Coleman is still recovering from a severe leg injury that he suffered before spring ball began, but had started 22 games at Cal Berkeley showing his versatility playing left tackle and left guard.
During Brown’s true freshman season, he earned All-Pac-12 second-team recognition for his special-teams contributions at Washington State. He has 26 tackles in five games for the 2-6 Sun Devils, who take on the No. 18 Utah Utes (6-2) Saturday in Salt Lake City.
“Tre’s been an unbelievable leader for us,” ASU coach Kenny Dillingham said. “He’s just an unbelievable player. He’s really established the identity of what our defense looks like right now. And obviously Ben has been out, but you know, Ben’s a veteran, everyone enjoys his presence. He’s just been out so he hasn’t been able to establish that leadership like I know he can, but he will.”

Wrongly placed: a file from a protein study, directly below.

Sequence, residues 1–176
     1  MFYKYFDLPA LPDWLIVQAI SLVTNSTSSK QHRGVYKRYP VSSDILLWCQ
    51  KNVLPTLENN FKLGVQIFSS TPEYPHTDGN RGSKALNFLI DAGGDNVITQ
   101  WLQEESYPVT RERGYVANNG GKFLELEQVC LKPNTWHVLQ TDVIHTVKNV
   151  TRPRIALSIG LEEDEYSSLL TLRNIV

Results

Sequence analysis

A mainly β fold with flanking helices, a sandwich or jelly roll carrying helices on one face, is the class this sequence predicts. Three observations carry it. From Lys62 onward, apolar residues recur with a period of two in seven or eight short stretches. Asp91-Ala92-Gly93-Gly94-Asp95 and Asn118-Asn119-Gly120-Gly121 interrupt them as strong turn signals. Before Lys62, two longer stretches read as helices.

Ward, ASU’s defensive coordinator, managed to build a strong connection with Brown while recruiting and coaching him at WSU.
“He’s given an example for the younger guys and how to lead,” Ward said. “How to make calls, and how to make adjustments, how to really command others from the practice field, and translate it to game day.”
Coleman and Brown both have a year of eligibility due to redshirt years and are in the middle of pursuing their master’s degrees in communications at the Walter Cronkite School of Journalism and Mass Communication in downtown Phoenix.
The ability to have the best journalism department on the West Coast in their backyard motivated Coleman and Brown to improve their academic credentials, and set a high standard for their families’ names.